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Pam Bondi opposes family separation and has taken on the feds before. So why not now?

17 states have sued the Trump administration over family separations at the border. They all have Democratic attorneys general.
Republican presidential candidate Donald Trump walks in the rain with Florida Attorney General Pam Bondi, as they arrive at a campaign rally in Tampa, Fla., Wednesday, Aug. 24, 2016. (Loren | Tampa Bay Times )
Published Jun. 26, 2018
Updated Jun. 27, 2018

As 17 other states filed a lawsuit Tuesday in an attempt to force President Donald Trump's administration to reunite migrant families, Florida Attorney General Pam Bondi's office said she had no jurisdiction over the issue.

"The Attorney General has never supported separating children from their parents, however, the Florida Attorney Generals's Office has no jurisdiction over federal immigration laws," said Whitney Ray, a spokesman for Bondi in a statement issued to the Times before the lawsuit was announced.

Ray did not answer whether the Republican attorney general will join in the suit or file a brief in support of the states suing the administration.

Massachusetts, California, Delaware, Iowa, Illinois, Maryland, Minnesota, New Jersey, New Mexico, New York, North Carolina, Oregon, Pennsylvania, Rhode Island, Vermont, Virginia and Washington are the states involved in the suit against Trump's immigration policy. All of the states have a Democratic attorney general.

They joined Washington D.C. in suing Trump over the executive order he signed last week lifting the policy that separated children from their families. That order, the states say, is riddled with caveats and fails to reunite parents and children who have already been torn apart.

Immigration authorities have separated about 2,300 children from their families in recent weeks, sparking global outrage and forcing Trump to issue his executive order last week. The Department of Health and Human Services reported Tuesday that 2,047 children are still apart from their parents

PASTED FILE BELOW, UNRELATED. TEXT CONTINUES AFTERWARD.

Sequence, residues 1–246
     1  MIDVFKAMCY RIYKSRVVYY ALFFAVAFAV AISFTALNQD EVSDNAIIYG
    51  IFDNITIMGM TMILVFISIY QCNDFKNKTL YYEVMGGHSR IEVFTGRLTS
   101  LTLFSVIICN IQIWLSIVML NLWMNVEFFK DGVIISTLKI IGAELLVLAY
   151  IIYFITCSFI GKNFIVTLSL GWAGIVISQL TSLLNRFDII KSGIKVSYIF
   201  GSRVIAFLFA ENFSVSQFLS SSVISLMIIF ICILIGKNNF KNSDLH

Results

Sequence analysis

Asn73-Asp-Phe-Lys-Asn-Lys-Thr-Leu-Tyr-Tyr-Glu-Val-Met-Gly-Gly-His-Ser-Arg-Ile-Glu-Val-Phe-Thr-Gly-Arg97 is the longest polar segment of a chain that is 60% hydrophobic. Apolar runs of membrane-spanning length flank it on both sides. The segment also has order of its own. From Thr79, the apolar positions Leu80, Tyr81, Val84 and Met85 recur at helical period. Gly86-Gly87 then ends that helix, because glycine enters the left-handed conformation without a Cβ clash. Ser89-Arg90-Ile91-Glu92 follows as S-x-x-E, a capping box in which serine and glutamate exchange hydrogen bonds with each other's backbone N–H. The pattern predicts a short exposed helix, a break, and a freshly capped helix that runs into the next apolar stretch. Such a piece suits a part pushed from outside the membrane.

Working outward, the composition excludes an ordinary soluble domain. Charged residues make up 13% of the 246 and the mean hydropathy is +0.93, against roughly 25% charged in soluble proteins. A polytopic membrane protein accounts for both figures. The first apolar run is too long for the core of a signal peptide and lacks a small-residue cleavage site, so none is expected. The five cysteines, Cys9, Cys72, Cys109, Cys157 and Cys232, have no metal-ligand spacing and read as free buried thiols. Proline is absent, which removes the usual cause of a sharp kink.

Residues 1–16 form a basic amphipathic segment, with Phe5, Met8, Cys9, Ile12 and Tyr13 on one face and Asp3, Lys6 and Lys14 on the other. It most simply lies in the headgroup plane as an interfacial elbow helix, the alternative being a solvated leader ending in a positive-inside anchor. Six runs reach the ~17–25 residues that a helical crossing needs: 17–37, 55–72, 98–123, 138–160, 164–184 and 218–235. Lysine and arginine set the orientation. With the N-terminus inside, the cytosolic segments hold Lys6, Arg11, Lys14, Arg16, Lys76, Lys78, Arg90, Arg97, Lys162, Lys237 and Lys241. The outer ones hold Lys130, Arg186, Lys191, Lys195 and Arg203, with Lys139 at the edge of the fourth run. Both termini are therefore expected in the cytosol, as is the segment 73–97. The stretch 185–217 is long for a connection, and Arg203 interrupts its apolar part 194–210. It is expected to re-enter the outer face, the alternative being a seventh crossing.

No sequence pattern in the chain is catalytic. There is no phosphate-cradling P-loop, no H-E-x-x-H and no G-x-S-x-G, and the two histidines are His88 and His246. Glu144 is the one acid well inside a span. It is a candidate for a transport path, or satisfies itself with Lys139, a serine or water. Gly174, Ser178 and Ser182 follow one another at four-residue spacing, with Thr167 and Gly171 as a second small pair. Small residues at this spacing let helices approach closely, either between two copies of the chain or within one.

A U.S. judge in San Diego already is considering whether to issue a nationwide injunction sought by the American Civil Liberties Union that would order the administration to reunite the separated children with their parents.

Ray's statement that Bondi has no jurisdiction over federal immigration law is in keeping with her not opposing the Trump administration, but at odds with her office's history of challenging federal law and laws in other states.

In 2012, Bondi filed a brief joining 21 other states in a lawsuit challenging the ban on semiautomatic weapons Connecticut passed after the Sandy Hook school shooting.

She's written in support of Arizona's hard-line immigration law, the expansion of the Keystone oil pipeline and Boeing's handling of a labor dispute in South Carolina. Bondi also opposed cleanup efforts in Maryland's Chesapeake Bay.

From the archives: Pam Bondi, with Republican attorney general coalition, involves herself in faraway court fights

In addition to those causes, Bondi is well-known for Florida's unsuccessful efforts to challenge the Affordable Care Act, the sweeping federal health care law passed in 2010. Her efforts to have the law struck down cost state taxpayers at least $70,000 in legal fees in 2010. In 2013 Bondi filed a challenge to "navigators" who were hired to help the uninsured to sign up for coverage under the law. And in February of this year, Bondi joined Florida to a 19-state lawsuit that again challenged the constitutionality of the ACA — a move critics contend could undermine the law's protection of insurance customers with pre-existing conditions.

Bondi has also challenged the Environmental Protection Agency's authority to regulate greenhouse gases under the federal Clean Air Act.

Asked Tuesday how Bondi could have played a role in challenging those state and federal laws but not have standing to challenge Trump's family separation policy — which she opposes — Ray did not immediately respond.

At a Tuesday campaign event in Tampa, Gov. Rick Scott struck a different tone from Bondi.

Although the immigration compounds are the domain of the federal government, Gov. Rick Scott pledged to use whatever state resources he could to help reunite the families.

Information from the Associated Press was used in this report. 

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